Much worse, Biden would only do this expanded CTC for a single year. The justification, presumably, is that this is meant to remedy the effects of the (hopefully) one-time pandemic. But this policy is based on a similar proposal from Senator Michael Bennet (D-Colo.), who came up with it years ago as something to deal with America's extremely high rate of child poverty. And he was correct — we need child benefits for now and all eternity, not simply to deal with the pandemic, because children always cost a lot to raise yet bring in no money. Even David Brooks agrees.
As Matt Bruenig argues in a recent paper for the People's Policy Project, there is a far better option: a permanent, universal child allowance. The CTC is just one of several tax credits for children, along with the Earned Income Tax Credit (EITC) and others, which combine together to create a super-complicated mess of differing eligibility schedules in addition to the above problems. Here's a chart illustrating how benefits per child for a typical tax unit family change as their income increases — the very poor get nothing, the near-poor get a whole lot, the middle class gets a modest amount, and then it flattens out for all but the very rich.
It would be simpler, cleaner, and more fair for the government to simply give all parents a monthly check for each child automatically. That would be easy (no application required), include all parents, and permanently help all families in the future. Bruenig suggests $374 per month, which would slash child poverty by roughly two-thirds. Then some of the cost could be compensated for by scrapping the CTC and the EITC (except for the small part for non-parents, which Biden would increase), and modestly raising taxes on the rich.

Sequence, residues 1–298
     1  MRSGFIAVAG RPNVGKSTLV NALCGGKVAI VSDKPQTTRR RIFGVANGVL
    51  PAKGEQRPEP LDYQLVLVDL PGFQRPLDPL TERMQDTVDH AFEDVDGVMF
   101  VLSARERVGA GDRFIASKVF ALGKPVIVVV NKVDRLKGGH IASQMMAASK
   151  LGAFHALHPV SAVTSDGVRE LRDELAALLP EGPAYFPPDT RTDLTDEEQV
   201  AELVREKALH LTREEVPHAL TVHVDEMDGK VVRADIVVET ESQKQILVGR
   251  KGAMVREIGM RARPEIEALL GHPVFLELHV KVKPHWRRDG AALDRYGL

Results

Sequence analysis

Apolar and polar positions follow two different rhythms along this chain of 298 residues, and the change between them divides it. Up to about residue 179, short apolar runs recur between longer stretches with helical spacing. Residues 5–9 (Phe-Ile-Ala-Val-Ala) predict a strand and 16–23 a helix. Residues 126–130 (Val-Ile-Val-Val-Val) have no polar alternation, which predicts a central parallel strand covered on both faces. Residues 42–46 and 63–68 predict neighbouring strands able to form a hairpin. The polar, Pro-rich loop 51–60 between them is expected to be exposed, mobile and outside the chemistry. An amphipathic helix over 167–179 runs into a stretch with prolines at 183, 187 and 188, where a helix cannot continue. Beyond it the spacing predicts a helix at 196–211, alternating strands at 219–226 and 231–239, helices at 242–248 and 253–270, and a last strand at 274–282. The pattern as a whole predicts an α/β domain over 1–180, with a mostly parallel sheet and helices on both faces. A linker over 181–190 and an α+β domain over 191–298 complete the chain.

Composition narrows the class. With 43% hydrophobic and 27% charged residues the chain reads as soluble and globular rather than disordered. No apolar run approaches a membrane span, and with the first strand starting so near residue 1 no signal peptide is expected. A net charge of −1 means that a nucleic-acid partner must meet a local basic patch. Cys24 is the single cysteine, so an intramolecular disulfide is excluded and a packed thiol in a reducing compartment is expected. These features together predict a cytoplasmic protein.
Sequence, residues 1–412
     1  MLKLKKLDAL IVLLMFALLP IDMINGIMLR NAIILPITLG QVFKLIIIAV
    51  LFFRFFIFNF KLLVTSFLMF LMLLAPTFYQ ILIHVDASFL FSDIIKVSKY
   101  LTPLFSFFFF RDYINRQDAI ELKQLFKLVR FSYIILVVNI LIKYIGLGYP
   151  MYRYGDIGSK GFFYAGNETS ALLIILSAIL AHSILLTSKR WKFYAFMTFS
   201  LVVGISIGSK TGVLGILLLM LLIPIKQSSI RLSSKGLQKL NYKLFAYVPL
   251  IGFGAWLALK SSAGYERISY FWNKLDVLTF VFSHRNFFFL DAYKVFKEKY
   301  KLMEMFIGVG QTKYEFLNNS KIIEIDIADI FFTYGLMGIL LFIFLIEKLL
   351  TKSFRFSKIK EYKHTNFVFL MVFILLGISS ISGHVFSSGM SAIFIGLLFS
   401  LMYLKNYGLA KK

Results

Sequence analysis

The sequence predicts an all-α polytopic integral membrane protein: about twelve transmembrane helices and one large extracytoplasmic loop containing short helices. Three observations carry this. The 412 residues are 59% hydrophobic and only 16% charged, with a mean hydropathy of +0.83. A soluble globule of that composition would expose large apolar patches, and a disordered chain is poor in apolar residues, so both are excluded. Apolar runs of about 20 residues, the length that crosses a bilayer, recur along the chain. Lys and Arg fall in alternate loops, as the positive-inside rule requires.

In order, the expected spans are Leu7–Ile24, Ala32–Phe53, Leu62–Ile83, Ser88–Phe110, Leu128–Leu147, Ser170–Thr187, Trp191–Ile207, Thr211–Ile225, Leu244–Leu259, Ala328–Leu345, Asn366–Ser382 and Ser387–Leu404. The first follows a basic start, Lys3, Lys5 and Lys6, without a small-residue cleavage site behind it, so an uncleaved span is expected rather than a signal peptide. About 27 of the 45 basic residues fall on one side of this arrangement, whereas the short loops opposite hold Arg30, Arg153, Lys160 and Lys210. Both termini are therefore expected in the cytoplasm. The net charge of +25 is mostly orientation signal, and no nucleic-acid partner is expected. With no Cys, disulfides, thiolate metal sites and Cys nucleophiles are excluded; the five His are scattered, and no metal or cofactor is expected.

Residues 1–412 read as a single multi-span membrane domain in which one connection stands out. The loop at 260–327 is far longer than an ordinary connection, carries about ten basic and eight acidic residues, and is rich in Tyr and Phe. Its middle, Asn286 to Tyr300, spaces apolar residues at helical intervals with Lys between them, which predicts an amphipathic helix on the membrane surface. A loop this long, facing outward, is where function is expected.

People often get tangled up about including the rich in a universal program, but the smart way to make sure they aren't unduly benefiting from the program is to raise their overall taxes. That way we don't have to fuss with means testing bureaucracy, and all parents will rest easy knowing the checks will come even if they lose their jobs.
And finally, it's not going to be that much harder to pass a permanent child allowance than it is to do Biden's plan. It would only be a modest increase to the cost of the current bill, and would achieve a major goal of helping families that Democrats have been promising to do for decades. If we're going to do it, we might as well do it right!
If Biden did actually get a child allowance through, he would instantly have the best record on poverty of any president since Lyndon Johnson, and would take his place as one of the better presidents in history. Moreover, as we've learned over the last year, people really, really like getting checks from the government, especially when they don't have to do anything to claim them. The parents of the 75 million children in America are likely to show their appreciation at the ballot box in 2022, and Democrats might be able to hang on to their congressional majorities.